For me, ‘Doctor Who’ is the perfect format. It’s all genres in one. It’s science-fiction, horror, historicals, romance, even Westerns – and at its heart is a mysterious, fascinating, anti-authoritarian, incredibly witty, ever-changing and yet constant hero.
As I say, I started watching ‘Doctor Who’ when I was four, and I started devouring ‘Doctor Who’ books from the age of eleven (Terrance Dicks is a massive hero of mine), so to be able to contribute to the ‘Doctor Who’ universe, to officially expand it with stories of my own, is utterly mind-blowing.
The only disadvantages to working on ‘Doctor Who’ – if they can even be called that – are coming up with new ideas and new directions that haven’t been explored before (don’t forget there are fifty years of not just TV episodes to consider, but hundreds of other stories in novel and audio format), and the slightly daunting level of responsibility you feel, not only in wanting to get it right, but knowing that thousands of incredibly passionate and often ultra-critical ‘Doctor Who’ fans will be poring over your words and picking your story apart.
But the watchword with ‘Doctor Who’ for me is ‘fun’. Above all else, ‘Doctor Who’ should always be fun. That doesn’t mean it can’t be serious, or emotional, or dark, or scary, but at its heart it should always be fun – it should make people happy.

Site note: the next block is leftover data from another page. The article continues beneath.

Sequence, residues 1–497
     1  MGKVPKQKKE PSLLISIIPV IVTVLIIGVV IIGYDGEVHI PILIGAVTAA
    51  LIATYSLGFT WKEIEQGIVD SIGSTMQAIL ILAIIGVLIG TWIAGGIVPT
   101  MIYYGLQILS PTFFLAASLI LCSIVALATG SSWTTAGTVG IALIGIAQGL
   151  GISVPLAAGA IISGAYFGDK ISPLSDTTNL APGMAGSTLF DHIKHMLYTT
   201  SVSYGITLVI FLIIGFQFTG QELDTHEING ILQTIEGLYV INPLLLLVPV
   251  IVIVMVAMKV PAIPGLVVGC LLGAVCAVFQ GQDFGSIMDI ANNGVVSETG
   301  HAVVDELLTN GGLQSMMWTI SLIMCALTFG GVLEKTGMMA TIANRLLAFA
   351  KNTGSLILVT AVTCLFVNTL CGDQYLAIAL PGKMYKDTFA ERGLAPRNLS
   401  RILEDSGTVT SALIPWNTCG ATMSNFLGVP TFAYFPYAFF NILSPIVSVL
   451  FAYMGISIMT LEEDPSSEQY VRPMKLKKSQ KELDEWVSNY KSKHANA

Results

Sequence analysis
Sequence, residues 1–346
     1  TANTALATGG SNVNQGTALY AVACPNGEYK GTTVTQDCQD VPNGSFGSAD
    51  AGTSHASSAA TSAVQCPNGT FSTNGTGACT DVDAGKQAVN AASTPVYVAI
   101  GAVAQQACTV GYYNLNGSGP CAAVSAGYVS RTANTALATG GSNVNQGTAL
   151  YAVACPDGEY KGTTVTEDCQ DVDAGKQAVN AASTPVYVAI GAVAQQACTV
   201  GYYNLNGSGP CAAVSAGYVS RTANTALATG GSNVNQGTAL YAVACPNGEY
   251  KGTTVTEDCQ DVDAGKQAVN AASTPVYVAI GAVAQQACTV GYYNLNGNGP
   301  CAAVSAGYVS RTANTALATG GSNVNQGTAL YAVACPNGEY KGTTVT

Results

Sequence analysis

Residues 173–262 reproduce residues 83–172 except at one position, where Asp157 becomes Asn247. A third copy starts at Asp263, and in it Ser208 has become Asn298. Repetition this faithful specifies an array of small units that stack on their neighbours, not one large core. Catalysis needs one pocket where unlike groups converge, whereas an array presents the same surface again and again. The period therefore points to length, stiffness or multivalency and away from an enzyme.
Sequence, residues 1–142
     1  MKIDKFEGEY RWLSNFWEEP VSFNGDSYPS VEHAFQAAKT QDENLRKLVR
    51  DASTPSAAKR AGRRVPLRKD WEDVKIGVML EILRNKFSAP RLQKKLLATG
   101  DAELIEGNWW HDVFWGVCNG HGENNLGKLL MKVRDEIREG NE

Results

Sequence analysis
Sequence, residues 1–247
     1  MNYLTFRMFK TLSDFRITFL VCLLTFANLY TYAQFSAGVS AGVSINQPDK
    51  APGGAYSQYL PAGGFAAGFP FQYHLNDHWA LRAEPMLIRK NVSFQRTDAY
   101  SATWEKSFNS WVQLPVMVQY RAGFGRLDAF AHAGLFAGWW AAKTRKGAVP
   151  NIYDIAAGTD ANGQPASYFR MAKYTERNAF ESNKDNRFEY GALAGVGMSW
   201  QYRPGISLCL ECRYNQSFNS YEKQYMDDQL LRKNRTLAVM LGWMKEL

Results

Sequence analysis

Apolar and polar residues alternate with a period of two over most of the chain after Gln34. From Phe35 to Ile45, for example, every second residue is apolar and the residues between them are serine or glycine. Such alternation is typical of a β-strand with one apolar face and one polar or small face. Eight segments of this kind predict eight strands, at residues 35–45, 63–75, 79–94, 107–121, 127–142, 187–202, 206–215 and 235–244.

SF: ‘Doctor Who’ is only one of the franchises that you’ve worked in before. My favorite one that you’ve dabbled in though is ‘Hellboy’ as Mike Mignola’s creation is one of my favorite horror inspired comic book heroes to date. What did you think of working on ‘Hellboy: All-Seeing Eye’ and how much freedom did you have to play in Mignola’s universe?
MM: I have to admit, when I was commissioned to write ‘The All-Seeing Eye’ I knew very little about the character. It was my friend Chris Golden, acting more or less as series editor, who asked me whether I’d be interested in writing a Hellboy novel, and when I said yes he arranged for Dark Horse to send me a ton of ‘Hellboy’ and ‘BPRD’ graphic novels so that I could become acquainted with the character and the background in which he operated.
I’d seen the first movie – and loved it – but Chris’s instructions were to more or less disregard the movie version of Hellboy and focus on Mike Mignola’s version of the character, who was subtly but vitally different. Chris also said that he wanted me to set the story in the UK, and that he wanted me to write not a ‘Hellboy’ novel, but a ‘Mark Morris’ novel featuring Mike’s characters and set-up, which basically meant that he wanted me to write in my own style and explore my own ideas and directions rather than trying to ape Mike’s.